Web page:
With one of their competitor species gone, bumblebees were more promiscuous about which flowers they visited, but the flowers ended up carrying one-third fewer seeds. Credit: Michael Weber/Imagebroker/FLPA

Removing even a single bee species from an ecosystem has serious effects on plant reproduction, a field study1 has shown. 

Wild bee populations are declining severely in the United Kingdom and the United States2, possibly because of pesticide use, yet simulations have predicted that the insects’ decreasing numbers will not have a major effect on plant reproduction until most pollinating species are gone3.

Wielding his butterfly net, ecologist Berry Brosi of Emory University in Atlanta, Georgia, set out to test these models in the field with his colleague Heather Briggs from the University of California, Santa Cruz. 

Brosi and Briggs prepared 20 plots of land, each the size of a tennis court, in the foothills of the Rocky Mountains in Colorado. They first monitored the plots in their natural state, identifying the most abundant species of bumblebee (of the genus Bombus) in each. With help from volunteers, they then painstakingly caught the bees belonging to this group with nets and removed them.

The researchers counted how many different species of plant the bumblebees visited, studying 736 individual insects in total. They also carefully caught bees as they were pollinating the flowering plant Delphinium barbeyi (a type of larkspur) and anaesthetised them, recording the different types of pollen they were carrying.

Writing in Proceedings of the National Academy of Sciences1, Brosi and Briggs find that after they removed the dominating bumblebee species from a given plot, the other bee species were less fussy — as shown by the broader variety of pollen they were carrying. The number of bees carrying at least two types of pollen increased by 17.5%.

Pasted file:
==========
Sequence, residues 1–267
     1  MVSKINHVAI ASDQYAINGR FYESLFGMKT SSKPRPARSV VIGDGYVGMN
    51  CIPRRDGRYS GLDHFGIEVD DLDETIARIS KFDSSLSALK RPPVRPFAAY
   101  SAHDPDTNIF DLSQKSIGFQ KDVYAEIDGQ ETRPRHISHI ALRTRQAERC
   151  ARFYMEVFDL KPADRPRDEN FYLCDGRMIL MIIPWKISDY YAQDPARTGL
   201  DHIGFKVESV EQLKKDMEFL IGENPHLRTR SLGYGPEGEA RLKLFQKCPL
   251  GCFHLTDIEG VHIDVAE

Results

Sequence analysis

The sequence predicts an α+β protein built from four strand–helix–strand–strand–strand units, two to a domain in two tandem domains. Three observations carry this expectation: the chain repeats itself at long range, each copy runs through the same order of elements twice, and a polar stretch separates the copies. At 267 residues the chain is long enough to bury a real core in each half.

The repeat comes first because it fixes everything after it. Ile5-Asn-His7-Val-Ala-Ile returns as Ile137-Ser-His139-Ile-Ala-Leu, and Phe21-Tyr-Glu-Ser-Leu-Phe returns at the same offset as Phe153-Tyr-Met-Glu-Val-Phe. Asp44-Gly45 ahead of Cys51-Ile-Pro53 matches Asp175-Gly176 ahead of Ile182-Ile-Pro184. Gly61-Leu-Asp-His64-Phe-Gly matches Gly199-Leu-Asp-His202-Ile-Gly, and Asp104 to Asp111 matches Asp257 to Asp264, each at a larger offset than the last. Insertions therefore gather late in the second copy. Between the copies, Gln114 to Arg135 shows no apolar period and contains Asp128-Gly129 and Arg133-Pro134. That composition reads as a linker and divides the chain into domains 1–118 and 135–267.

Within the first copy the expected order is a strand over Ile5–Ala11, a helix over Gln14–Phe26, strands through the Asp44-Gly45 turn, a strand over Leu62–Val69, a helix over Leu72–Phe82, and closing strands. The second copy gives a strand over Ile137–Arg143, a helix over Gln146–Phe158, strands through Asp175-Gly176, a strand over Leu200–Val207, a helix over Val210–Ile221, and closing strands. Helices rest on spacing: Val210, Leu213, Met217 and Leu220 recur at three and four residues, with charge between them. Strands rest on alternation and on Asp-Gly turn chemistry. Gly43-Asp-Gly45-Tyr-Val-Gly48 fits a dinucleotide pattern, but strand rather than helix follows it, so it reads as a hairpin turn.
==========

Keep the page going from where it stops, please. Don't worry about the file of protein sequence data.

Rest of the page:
The fact that bees became less picky could be of concern, because plants can only be fertilized by pollen from their own species. Indeed, the researchers found that after their bee-removal operation, fewer flowers received their own type of pollen. As a result, each flower produced one-third fewer seeds on average.

“This is a spectacularly interesting study,” says ecologist Jane Memmott of the University of Bristol, UK. Memmott was a co-author of the simulation studies that the latest work contradicts, but she says that she is happy to be proved wrong.

“We were having a first go with our network simulations; these didn’t incorporate any dynamic relationships because that’s hard to do,” she says. “Now we have this proof, the theory needs to catch up with the observations.”

But Memmott also notes that the latest study did not look at a whole ecosystem, and so should not serve as a basis for sweeping statements. Brosi's study measured seed production only in larkspur — a plant that is pollinated by several species of bumblebee. Memmott says that it would also be interesting to see what removing bees does to other plants, as well as to pollinators other than bees.

Brosi says that his work adds weight to the argument that society should be more active in protecting pollinators. In the United States, “it seems to me like a pesticide is safe until proven otherwise”, he says. But given the sensitivity of plants to the removal of pollinators “it might be time to re-think those sorts of policies”.